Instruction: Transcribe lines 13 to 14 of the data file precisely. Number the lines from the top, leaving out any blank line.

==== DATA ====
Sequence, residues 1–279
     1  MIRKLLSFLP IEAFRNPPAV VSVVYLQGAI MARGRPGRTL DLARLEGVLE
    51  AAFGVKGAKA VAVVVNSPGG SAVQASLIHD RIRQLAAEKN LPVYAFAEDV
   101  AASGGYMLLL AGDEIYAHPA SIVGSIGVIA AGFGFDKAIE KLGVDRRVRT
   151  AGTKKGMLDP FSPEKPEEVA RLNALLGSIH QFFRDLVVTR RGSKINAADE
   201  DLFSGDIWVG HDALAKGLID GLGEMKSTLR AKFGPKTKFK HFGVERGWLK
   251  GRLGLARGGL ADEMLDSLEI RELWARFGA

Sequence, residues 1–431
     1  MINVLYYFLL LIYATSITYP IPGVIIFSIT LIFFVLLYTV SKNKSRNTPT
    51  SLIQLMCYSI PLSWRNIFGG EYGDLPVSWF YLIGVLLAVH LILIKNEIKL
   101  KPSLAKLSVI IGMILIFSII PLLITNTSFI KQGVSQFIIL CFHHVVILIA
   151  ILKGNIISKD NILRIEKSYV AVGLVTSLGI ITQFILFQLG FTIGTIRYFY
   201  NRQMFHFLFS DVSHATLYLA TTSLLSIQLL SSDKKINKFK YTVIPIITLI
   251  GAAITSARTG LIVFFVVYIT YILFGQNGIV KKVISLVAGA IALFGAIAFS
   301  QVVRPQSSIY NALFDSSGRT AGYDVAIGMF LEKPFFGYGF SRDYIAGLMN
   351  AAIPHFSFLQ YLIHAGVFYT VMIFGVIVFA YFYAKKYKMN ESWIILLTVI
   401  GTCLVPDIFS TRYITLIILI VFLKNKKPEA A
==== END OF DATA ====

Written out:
   201  NRQMFHFLFS DVSHATLYLA TTSLLSIQLL SSDKKINKFK YTVIPIITLI
   251  GAAITSARTG LIVFFVVYIT YILFGQNGIV KKVISLVAGA IALFGAIAFS